Director: Marc Daniels
Writers: Don M. Mankiewcz and Steven W. Carabatsos
Cast: William Shatner, Leonard Nimoy, Percy Rodriguez, Elisha Cook, Joan Marshall, DeForest Kelley, Nichelle Nichols, Richard Webb, Hagan Beggs, Winston DeLugo, Alice Rawlings, Nancy Wong, Bart Conrad, William Meader, and Reginald Lal Singh
Composer: Alexander Courage
Air Date: 2/2/1967
Production #: 6149-15
After an automated report concerning the death of a crewman conflicts with Kirk’s testimony, the Enteprise captain is court martialed on the charge of criminal negligence. To further complicate matters, one of Kirk’s old girlfriends, Areel Shaw (Joan Marshall), turns out to be the prosecuting attorney.
“Court Martial” is an entertaining, if slightly underwhelming, piece. Though a number of confusing plot elements stemming from last-minute script changes are present, William Shatner’s ability to embody Captain Kirk’s steadfast qualities during a trying ordeal redeems this episode from its minor weak points.
While the outcome of Kirk’s trial can be easily predicted from the onset, the actual proceedings result in many intense character interactions. For instance, Lieutenant Shaw’s prosecution of Kirk places both individuals in an uncomfortable position because of their past involvement with one another (a similar dynamic occurs in Star Trek: The Next Generation’s “The Measure of a Man” when Commander Riker is forced to present evidence against Data’s case). This tense situation only escalates when Spock and McCoy are required to testify for and against the character of James T. Kirk. Ultimately, the compelling performances of Shatner, Marshall, Cook, and Nimoy effectively carry an otherwise mediocre narrative, while a memorable twist ending makes for an exciting conclusion to the trial storyline.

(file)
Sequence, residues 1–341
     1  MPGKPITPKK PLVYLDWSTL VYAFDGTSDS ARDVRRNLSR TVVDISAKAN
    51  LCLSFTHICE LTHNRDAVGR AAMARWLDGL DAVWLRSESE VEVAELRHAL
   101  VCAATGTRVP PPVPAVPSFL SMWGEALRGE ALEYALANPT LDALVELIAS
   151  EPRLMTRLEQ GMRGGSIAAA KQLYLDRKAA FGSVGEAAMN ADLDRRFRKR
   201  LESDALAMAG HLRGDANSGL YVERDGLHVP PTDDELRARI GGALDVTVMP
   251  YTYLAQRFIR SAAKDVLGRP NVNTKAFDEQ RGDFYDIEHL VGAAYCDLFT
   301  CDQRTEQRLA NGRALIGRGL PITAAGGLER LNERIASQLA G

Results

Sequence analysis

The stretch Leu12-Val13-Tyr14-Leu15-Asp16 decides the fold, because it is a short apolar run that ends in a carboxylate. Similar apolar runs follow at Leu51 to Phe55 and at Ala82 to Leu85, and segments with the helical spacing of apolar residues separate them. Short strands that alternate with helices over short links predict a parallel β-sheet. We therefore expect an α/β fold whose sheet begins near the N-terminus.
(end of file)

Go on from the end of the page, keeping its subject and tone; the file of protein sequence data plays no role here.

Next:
Given Shaw’s obvious conflict of interest, the court’s decision to assign the lieutenant to Kirk’s case makes little sense. Even though the stakes are raised by the opposition of Kirk’s former love interest, no explanation is provided from either a legal or logical standpoint that would justify her ability to operate without bias in these hearings.
Much like “The Ultimate Computer,” “Court Martial” presents an intriguing commentary on whether technological advancements could ever supersede human judgment. On one hand, Commodore Stone (Percy Rodriguez) initially doubts the testimony of Kirk in favor of the account provided by a supposedly infallible computer. However, as Spock later discovers through a series of chess matches, reliance on technology over the word of an honest, morally-grounded human being can lead to grave consequences. While this episode fails to explore the concept of man versus machine with the same nuanced insight as the season two offering mentioned earlier, Star Trek fans should nonetheless enjoy “Court Martial” for its philosophical undertones.
In spite of several continuity flaws, “Court Martial” succeeds thanks to its fascinating mystery plot coupled with a riveting finale. Likewise, science fiction enthusiasts should appreciate this episode’s examination of potential problems centering on hypothetical technology, even though some viewers may prefer spacefaring adventures over starbase settings.
Overall Quality: 8/10
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